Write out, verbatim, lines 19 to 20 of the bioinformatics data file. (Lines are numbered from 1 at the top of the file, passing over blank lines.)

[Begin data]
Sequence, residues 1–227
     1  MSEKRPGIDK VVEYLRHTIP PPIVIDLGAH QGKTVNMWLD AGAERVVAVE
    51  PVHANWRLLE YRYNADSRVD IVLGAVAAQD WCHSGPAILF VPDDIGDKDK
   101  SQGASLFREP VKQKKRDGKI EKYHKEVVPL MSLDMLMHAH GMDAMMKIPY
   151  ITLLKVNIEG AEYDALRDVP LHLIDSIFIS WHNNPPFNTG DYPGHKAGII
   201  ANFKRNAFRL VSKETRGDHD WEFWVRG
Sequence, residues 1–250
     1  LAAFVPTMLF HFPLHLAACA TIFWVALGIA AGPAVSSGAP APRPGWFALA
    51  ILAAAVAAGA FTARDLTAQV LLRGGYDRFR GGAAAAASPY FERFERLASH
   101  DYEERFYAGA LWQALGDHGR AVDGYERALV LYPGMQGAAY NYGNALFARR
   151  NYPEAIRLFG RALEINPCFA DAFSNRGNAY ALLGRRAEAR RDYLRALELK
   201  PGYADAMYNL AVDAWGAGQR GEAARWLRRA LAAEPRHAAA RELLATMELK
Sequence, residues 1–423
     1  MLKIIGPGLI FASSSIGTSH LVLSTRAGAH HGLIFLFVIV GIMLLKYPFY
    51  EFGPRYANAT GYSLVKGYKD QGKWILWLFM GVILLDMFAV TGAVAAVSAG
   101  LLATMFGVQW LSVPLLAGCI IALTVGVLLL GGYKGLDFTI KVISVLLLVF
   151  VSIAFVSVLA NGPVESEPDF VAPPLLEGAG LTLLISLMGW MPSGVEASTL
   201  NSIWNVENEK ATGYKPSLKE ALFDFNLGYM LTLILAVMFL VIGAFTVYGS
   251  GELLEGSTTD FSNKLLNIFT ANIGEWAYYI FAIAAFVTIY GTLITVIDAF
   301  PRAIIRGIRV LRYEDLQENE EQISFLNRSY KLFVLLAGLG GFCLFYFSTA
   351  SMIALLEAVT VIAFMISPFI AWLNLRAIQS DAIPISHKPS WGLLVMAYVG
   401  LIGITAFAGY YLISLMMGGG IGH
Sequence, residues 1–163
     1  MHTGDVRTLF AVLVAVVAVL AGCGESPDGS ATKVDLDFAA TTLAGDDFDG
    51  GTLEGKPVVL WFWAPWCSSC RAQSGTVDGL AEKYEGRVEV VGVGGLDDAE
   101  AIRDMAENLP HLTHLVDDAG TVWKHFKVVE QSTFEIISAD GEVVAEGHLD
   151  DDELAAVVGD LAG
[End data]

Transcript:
   251  GELLEGSTTD FSNKLLNIFT ANIGEWAYYI FAIAAFVTIY GTLITVIDAF
   301  PRAIIRGIRV LRYEDLQENE EQISFLNRSY KLFVLLAGLG GFCLFYFSTA